Sunlight through the trees, a crocodile in a swamp, rosy-fingered dawn, a wounded bird, a face in the earth… nature is everywhere in the film. It opens and closes with images of nature and these images and sounds are woven seamlessly, ceaselessly throughout. Perhaps this is to be expected since the entire film is set in nature, and according to the opening and closing lines of voiceover – the rhetorical question “What’s this war at the heart of nature?” and the sincere faith-filled declaration “All things shining” – it could very well directly concern nature. And sure enough as the film unfolds in tandem with the “progress” of the American soldiers, who land on the island of Guadalcanal, advance through the jungle, reach the hill and win the battle against the Japanese, it gradually becomes apparent to everyone that nature, hovering in the background of the linear and calculated military enterprise, is in fact deeply imbricated within the collective horizon of the soldiers rather than romantically or nostalgically cast away beyond such a horizon, for example in some sort of transcendental essence like the soul or material substrate like brute physical law. For these soldiers the fear of death becomes a confrontation with death, and it is at this threshold of complete physical and psychological disarmament, what I’m calling the eventfulness of an exposure, that nature appears, collapsing the distance from life that comes with the absence of any awareness or acknowledgment of death. The place where soldiers kill and are killed is not referred to as “the front lines” for nothing. It is there, literally and figuratively as befits imaginary lines, call them borders, where the faces of men (characters and actors) are exposed, sometimes beyond recognition (actors become characters and characters become interchangeable), in light of three-dimensional experiences associated with the words “fear,” “pain,” “trauma,” “hope,” “hate,” “anxiety” and “compassion.” And the nature they see is not the nature we see, for we see (and hear) while they, I want to say, are seen (and heard) – analogues of the very images in which they appear (and disappear) [Images 10, 11]. In other words they are not in the position, basically our position, to experience nature safely (aesthetically) from behind the barrier of a camera or screen or body or consciousness – a position fundamental to most conceptions of nature, perhaps bearing upon the conditions of the very idea of nature itself. So unlike us, the viewers, empowered by a distance, however slight, that is undoubtedly peculiar to if not perfected by the voyeuristic dimension of film, pointedly analyzed by Stanley Cavell in The World Viewed as engendering a condition of viewing the world unseen (Cavell 1979: 101).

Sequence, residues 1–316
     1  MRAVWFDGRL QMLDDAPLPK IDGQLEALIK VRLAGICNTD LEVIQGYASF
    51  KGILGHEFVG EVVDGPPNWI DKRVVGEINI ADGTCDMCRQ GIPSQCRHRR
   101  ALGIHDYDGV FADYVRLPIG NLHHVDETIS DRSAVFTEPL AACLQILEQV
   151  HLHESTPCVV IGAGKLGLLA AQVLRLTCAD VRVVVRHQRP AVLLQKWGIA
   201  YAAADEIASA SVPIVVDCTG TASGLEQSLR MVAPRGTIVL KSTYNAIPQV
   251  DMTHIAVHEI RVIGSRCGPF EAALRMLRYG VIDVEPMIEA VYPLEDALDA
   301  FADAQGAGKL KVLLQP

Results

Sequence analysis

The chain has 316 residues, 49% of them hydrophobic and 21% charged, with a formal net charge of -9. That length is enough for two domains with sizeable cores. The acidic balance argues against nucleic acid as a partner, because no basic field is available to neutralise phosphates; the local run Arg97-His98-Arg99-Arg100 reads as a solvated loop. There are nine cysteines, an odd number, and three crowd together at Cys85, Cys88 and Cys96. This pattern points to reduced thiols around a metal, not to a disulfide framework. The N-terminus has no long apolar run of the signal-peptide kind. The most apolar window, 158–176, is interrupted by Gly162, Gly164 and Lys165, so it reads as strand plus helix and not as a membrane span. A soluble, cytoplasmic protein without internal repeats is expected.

After the opening section of The Thin Red Line, featuring two AWOL soldiers living in fairytale harmony with Melanesian villagers who are, in fact, naturally attuned to nature, Malick shifts over to an American warship where we first learn of the “false harmony” from which they have fled – a rigid chain of command and hierarchy of power that seems to recede endlessly in all directions like one of Kafka’s infinite regresses. On the deck Colonel Tall (played by Nick Nolte) is preparing to carry out the obliteration of the Japanese position atop a series of hills, and he is instructed by his commanding officer, General Quintard (played by John Travolta), to do so “without mercy.” The General reminds him that the Admiral (played by nobody – a hopelessly high-up and hence utterly offscreen figure) will be watching the entire battle from afar, intimidating him further with the political and perhaps moral truth “There’s always someone watching, like a hawk.” With this threat Tall visibly loses his tree-like uprightness, wobbling into skeptical self-consciousness at the thought of being watched and evaluated every step of the way by an authority eager to replace him if he fails to act in the interest of the war; a strategic and unhesitating sacrifice of the men who fight it is deemed the only acceptable method. The analogy of the hawk resonates with the notion that those who have power over others are in the position where they can see without being seen, remaining all but invisible, and compared to those whose lives are actually on the line they are perhaps invincible as well. But if the Admiral is a hawk then Colonel Tall is an eagle or owl or fox with his fair share of authority and control over those directly beneath him. When the fight for the hill ensues, Tall will station himself significantly behind the platoons where the canons are, and from there gains a clear view (a wide shot) of the entire battlefield through a pair of binoculars. Of particular interest to him is the next link in the chain, a Captain Staros (played by Elias Koteas) to whom he delivers his strict military orders by phone once the fighting commences. Admirals observe the progress of colonels and colonels observe the progress of captains and captains observe the progress of privates with whom the chain of command comes to an abrupt end, breaking off like a precipice and opening onto a front line where relations of power and perceptual logistics dissolve into a chaos of confrontations beyond the reaches of military organization [Images 12, 13, 14, 15].